Sunday, 5 July 2015

New Books - Update

Just a quick post to update on a few books I purchased yesterday while the missus and I were wandering about 5th Street in Courtenay. It's been a hot, dry month but it felt nice just to get out for a couple of hours. We checked out a couple of our favourite local stores; Home & Garden Gate, where Jo bought some soaps, a new handbag and a couple of other items; and Tab Imports,  where we made note of a couple of furnishings, for future reference. Of course, they weren't the only shops we visited as it's a nice little local High Street. I left Jo for a brief time and headed to the two books stores; The Laughing Oyster and  Second Page Used Books and managed to find a couple of books in each. On the way home we picked up a bucket of yummy ice cream at Benino Gelato in Comox. All in all, it was a lovely afternoon out. But of course, my purpose in writing this is to let you know what books I bought; 3 from Second Page and 2 from The Laughing Oyster.

Second Page Books finds - I was checking out some of the series I'm reading and trying to find the first books for them most part. But I also fleshed out a couple.

1. The Murder at the Vicarage by Agatha Christie (originally published in1930, the first Miss Marple mystery) - It came as no great shock when Colonel Protheroe was found shot to death. The Colonel had earned the hatred of almost everyone in the village. The question was: Who had gotten to him first? The police relaxed when their first suspect confessed. They became uneasy when their second followed suit. By the third confession, they were tied up in knots - and only the sure hand of the remarkable Miss Marple could unravel the tangled skein of deception spun by a maddeningly elusive murderer.

2. Summer Knight by Jim Butcher (Dresden Files #4, originally published in 2002) - Ever since his girlfriend left town to deal with her newly acquired taste for blood, Harry Dresden has been down and out in Chicago. He can't pay his rent. He's alienating his friends. he can't even recall the last time he took a shower. The only professional wizard in the phone book has become a desperate man. And just when it seems things can't get any worse, in saunters the Winter Queen of Faerie. She has an offer harry can't refuse if he wants to free himself of the supernatural hold his faerie godmother has over him - and hopefully end his run of bad luck. All he has to do is find out who murdered the Summer Queen's right-hand man, the Summer Knight, and clear the Winter Queen's name. It seems simple enough, but Harry knows better than to get caught in the middle of faerie politics. Until he finds out that the fate of the entire world rests on his solving the case. No pressure or anything...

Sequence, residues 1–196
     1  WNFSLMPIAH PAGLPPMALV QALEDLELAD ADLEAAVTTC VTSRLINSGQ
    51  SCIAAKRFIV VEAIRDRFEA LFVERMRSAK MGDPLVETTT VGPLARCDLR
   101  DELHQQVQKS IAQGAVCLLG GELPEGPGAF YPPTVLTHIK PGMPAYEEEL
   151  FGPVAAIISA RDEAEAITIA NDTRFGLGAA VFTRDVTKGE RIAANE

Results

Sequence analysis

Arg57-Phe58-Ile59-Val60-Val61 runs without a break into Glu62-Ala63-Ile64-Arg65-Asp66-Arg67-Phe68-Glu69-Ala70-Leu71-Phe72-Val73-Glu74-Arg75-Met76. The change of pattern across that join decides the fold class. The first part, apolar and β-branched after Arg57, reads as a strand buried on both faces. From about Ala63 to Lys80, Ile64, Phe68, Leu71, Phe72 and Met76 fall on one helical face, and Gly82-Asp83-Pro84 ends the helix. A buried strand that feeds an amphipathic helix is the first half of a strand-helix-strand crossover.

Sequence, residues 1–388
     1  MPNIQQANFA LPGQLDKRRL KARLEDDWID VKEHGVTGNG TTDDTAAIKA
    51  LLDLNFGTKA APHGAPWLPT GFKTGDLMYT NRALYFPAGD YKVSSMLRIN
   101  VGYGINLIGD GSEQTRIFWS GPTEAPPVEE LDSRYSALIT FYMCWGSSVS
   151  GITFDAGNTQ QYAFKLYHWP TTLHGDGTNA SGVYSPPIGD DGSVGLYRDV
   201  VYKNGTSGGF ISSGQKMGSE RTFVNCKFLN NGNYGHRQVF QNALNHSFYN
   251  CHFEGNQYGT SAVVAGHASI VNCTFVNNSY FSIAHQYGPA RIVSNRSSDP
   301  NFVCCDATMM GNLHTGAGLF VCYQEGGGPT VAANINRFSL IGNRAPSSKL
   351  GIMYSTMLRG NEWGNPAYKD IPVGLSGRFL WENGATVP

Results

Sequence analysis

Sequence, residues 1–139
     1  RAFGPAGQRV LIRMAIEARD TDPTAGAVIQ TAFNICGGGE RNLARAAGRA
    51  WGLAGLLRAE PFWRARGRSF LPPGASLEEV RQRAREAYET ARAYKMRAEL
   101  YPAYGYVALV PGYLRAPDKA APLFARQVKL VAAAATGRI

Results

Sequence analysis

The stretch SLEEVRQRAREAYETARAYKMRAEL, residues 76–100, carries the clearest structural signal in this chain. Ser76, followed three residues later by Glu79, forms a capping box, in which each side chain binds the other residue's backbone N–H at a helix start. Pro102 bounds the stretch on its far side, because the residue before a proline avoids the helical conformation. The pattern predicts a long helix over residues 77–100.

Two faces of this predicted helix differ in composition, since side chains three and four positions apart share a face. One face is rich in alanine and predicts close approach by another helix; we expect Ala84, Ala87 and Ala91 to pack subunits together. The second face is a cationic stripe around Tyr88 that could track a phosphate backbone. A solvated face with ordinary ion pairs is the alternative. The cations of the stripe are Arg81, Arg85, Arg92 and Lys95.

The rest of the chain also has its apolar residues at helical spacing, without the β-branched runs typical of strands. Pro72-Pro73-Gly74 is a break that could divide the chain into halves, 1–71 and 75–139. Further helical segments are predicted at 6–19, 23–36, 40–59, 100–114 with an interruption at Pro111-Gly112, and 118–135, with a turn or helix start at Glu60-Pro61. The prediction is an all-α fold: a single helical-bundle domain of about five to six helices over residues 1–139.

3. Death Times Three by Rex Stout (Nero Wolfe short stories republished in 1985). I haven't read any Nero Wolfe stories yet, but he's a character that I've started to take an interest in. I've acquired a couple of his books and hope to give him a try sometime this year. This books contains 3 earlier short stories; Bitter End, originally published in 1940, Framed-Up for Murder, originally published in 1958 and Assault on a Brownstone, originally published in 1961.

The Laughing Oyster pearls -  I went in to The Laughing Oyster to check on the status of my order of the Harper Lee sequel to To Kill a Mockingbird, which I pre-ordered (Jul 14th at the moment) and while I was there found a couple of other books. I also ordered the first book in the Backstrom series, a series by Swedish writer Leif GW Persson, the book being The Linda Murder Case.

But now to the two book I found -

1.  The Gunman by Jean-Patrick Manchette (originally published in France in 1981) - Martin Terrier is a hired killer who wants out of the game, so he can settle down and marry his childhood sweetheart. But the Organisation won't let go: they have other plans for him. In a violent tale that shatters as many illusions as bodies, Jean-Patrick Manchette, the master of French noir, subjects Terrier and the reader alike to a fierce exercise in style: a tightly plotted, corrosive parody of "the successful story."

2. After You with the Pistol by Kryil Bonfiglioli ( Charlie Mortdecai mystery #2, originally published in 1979). One thing I can say about The Laughing Oyster is that they do often have books I've never heard of or seen before. This is the second book in an interesting looking series. "Charlie Mortdecai - degenerate aristocrat and victim of his own larceny and licentiousness - has no idea. Until it is made clear to him that he must marry the beautiful, sex-crazed and very , very rich Johanna Krampf. The fly in the ointment is that Johanna thinks nothing of involving poor Charlie in her life-threatening schemes, such as monarch-assassination, heroin smuggling and - worst of all - survival training at a college of feminist spies. Perhaps, it's all in a good cause - if only Charlie can live long enough to find out."

So there you have. Must dash now as the missus has made bacon and egg sandwiches for brunch.. :)

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